Fusarium tuber rot of potato (Solanum tuberosum L.) is one of the most economically important diseases of stored potatoes. Dry rot is caused by several species of Fusaria, particularly Fusarium sambucinum in North America. The objective of this study was to determine the inheritance of resistance to Fusarium tuber rot. A highly resistant (B0172-22) and a highly susceptible (B0178-34) potato clone were crossed as female parents with two male parents. Tubers from varying numbers of progeny (28-37) from these four crosses were inoculated with Fusarium sambucinum in the laboratory. Three tubers from each progeny were inoculated at approximately monthly intervals six times in each of 2 years. The depth and diameter of the lesion were measured 40 days after inoculation. Estimates of broad-sense heritability (H) for lesion depth and a 95% confidence interval about these estimates were similar in 2000 and 2001: 0.84 (0.84, 0.91) and 0.77 (0.77, 0.87), respectively, as were the estimates for lesion diameter: 0.83 (0.83, 0.90) and 0.80 (0.80, 0.89), respectively. The differences in lesion depth for the female parents were significant the second year, but not the first year. The differences in lesion diameter for the female and male parents were significant both years. The female × male interactions were not significant for either lesion depth or lesion diameter. There were significant differences between clones in each of these four families for both traits both years. In 2000 and 2001, 24% and 38%, respectively, of the clones were unstable for resistance. In only one of the four families did instability increase as susceptibility increased, suggesting that there sometimes may be a genetic component to instability per se. These results indicate that resistance to Fusarium dry rot has a large genetic component. They also indicate that lesion diameter is more informative than lesion depth for evaluating resistance.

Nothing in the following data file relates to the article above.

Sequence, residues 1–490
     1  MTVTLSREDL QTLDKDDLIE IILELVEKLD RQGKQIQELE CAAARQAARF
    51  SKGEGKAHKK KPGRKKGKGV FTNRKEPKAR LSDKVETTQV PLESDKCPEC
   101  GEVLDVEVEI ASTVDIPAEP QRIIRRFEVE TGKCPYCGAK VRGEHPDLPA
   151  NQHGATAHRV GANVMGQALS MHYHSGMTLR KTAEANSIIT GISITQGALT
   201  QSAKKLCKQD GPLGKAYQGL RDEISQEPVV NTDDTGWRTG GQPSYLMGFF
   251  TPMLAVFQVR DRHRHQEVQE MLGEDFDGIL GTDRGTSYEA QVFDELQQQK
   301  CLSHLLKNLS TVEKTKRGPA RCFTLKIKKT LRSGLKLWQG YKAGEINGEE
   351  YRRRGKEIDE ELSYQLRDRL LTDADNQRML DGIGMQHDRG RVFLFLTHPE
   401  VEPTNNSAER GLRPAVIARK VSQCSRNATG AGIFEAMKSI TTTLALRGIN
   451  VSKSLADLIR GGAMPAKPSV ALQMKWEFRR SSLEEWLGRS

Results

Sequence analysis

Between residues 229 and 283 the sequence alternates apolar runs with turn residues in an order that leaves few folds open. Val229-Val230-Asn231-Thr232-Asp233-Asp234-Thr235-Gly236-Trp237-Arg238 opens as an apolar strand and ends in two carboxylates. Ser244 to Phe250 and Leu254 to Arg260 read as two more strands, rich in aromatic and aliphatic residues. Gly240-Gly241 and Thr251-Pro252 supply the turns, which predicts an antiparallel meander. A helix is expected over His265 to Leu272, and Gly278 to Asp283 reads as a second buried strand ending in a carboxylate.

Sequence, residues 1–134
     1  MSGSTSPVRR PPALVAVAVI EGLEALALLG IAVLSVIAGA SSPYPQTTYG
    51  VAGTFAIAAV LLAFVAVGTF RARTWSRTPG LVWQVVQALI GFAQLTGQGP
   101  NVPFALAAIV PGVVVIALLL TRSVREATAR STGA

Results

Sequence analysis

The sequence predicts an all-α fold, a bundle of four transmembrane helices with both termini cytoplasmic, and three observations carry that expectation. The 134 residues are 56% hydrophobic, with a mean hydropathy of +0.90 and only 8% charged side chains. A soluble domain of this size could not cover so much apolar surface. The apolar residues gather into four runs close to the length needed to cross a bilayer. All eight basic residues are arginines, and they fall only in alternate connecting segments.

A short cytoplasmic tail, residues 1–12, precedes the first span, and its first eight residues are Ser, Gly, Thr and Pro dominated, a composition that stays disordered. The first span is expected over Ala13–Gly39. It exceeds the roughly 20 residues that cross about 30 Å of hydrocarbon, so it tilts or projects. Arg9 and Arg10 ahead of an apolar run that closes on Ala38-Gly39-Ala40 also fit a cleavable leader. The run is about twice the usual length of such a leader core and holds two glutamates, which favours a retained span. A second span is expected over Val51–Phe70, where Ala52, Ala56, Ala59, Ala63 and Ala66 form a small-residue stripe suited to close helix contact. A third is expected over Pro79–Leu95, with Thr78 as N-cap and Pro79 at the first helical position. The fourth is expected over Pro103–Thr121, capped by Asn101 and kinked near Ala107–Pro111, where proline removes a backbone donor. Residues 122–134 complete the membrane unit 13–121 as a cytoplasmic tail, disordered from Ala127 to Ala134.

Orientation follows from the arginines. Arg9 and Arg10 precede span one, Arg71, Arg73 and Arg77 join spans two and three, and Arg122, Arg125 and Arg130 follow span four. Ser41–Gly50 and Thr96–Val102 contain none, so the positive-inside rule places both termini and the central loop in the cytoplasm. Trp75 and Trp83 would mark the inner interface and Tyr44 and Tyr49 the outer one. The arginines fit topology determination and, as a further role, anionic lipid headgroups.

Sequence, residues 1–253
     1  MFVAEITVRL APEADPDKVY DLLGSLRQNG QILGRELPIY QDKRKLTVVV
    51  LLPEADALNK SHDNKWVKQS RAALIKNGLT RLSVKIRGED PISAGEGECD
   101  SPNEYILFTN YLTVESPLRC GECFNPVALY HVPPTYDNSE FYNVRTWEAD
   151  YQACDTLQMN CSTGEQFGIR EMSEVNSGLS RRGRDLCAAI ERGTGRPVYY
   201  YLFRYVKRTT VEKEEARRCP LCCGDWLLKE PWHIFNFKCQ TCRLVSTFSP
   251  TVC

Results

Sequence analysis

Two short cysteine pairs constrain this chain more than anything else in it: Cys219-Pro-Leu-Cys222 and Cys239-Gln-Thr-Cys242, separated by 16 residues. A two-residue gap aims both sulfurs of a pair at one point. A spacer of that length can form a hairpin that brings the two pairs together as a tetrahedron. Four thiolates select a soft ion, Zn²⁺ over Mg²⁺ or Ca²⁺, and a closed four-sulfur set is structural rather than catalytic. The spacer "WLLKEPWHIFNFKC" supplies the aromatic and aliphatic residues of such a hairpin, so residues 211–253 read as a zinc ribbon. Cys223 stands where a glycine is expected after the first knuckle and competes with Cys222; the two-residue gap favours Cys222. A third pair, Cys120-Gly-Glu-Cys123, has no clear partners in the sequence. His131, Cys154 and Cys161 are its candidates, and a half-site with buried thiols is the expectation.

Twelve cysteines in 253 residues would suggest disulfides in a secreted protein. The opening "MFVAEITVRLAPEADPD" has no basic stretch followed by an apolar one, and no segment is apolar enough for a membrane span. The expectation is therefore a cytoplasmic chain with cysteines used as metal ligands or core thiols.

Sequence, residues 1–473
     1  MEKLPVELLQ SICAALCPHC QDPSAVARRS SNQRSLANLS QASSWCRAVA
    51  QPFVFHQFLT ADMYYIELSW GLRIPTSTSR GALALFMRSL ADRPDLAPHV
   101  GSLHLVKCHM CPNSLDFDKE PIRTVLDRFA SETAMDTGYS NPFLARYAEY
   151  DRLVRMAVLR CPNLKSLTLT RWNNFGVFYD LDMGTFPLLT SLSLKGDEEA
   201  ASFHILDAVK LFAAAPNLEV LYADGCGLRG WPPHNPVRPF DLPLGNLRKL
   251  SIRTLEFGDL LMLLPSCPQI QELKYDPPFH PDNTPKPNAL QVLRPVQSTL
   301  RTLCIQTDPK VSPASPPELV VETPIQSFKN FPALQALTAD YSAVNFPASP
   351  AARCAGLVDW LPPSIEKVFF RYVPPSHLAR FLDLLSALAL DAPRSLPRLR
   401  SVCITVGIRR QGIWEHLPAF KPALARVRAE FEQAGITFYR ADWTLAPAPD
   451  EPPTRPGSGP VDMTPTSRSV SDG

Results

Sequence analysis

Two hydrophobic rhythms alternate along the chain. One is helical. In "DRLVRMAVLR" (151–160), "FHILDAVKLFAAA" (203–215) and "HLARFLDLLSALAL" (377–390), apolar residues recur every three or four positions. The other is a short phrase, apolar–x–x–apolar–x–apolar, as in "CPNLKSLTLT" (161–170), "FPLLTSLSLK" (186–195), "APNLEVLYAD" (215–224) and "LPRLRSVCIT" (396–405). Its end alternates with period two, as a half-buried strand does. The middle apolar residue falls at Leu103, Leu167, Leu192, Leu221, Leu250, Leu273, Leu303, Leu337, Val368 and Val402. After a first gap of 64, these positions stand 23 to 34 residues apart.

All Science Journal Classification (ASJC) codes
- Agronomy and Crop Science